Published Online: 1 April 1975
Page Count: 8
Instructor, University of Texas Health Sciences Center at Dallas, Dallas, Texas
Associate professor, University of Texas Health Sciences Center at Dallas, Dallas, Texas
Assistant professor, University of Texas Health Sciences Center at Dallas, Dallas, Texas
(Received 5 August 1974; accepted 25 September 1974)
The detection and evaluation of digitalis glycosides in autopsy specimens has been a serious problem for both medical examiners and toxicologists alike. Methods utilizing thin-layer chromatography or colorimetric techniques depended on a significant quantity of this drug remaining unabsorbed in the stomach or excreted into the urine. Digoxin, the most potent drug of this group and the form prescribed most frequently, is effective therapeutically in a dose range from 0.25 to 0.50 milligrams per day. This dose gives rise to therapeutic blood concentrations of 1.0 to 1.4 nanograms per millilitre . Toxic effects of digoxin often begin to appear at 2.0 ng/ml. In view of these extremely low concentrations, even after an overdose with digitalis, detection of this drug in blood by conventional techniques could not be accomplished. The introduction of radioimmunoassay tests for these substances has provided an answer to this problem. Blood values of digoxin as low as 0.2 ng/ml can now be detected and measured reliably.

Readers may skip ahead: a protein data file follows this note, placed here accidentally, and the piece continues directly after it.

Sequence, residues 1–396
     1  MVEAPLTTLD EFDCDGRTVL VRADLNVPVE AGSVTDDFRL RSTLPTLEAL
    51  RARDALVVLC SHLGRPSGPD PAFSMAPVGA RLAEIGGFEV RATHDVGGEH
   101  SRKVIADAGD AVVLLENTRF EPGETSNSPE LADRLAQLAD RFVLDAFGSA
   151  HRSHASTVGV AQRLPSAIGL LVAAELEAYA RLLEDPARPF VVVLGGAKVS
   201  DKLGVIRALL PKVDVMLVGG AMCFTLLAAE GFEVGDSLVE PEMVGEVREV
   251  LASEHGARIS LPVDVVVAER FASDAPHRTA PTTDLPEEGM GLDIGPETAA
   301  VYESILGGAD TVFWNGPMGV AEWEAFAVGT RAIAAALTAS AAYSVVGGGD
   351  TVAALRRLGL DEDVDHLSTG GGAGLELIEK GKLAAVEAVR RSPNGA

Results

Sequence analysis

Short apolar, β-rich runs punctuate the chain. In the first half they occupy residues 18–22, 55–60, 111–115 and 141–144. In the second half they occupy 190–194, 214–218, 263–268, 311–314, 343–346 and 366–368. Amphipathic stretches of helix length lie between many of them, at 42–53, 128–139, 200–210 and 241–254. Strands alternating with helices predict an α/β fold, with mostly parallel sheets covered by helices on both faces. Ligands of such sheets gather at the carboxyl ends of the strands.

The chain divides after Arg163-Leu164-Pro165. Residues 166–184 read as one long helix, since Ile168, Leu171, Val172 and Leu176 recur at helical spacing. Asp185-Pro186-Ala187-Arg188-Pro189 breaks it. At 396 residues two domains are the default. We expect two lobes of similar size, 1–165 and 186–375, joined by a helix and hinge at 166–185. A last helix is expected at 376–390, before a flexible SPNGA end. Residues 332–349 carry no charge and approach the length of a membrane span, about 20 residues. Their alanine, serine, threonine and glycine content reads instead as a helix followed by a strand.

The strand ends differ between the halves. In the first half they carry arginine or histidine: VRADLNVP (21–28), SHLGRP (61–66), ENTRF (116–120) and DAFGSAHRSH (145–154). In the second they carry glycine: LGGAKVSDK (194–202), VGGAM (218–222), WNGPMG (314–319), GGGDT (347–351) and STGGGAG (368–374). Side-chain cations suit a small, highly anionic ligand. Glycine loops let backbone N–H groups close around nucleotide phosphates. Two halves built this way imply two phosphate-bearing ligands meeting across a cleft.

Paper ID: JFS10281J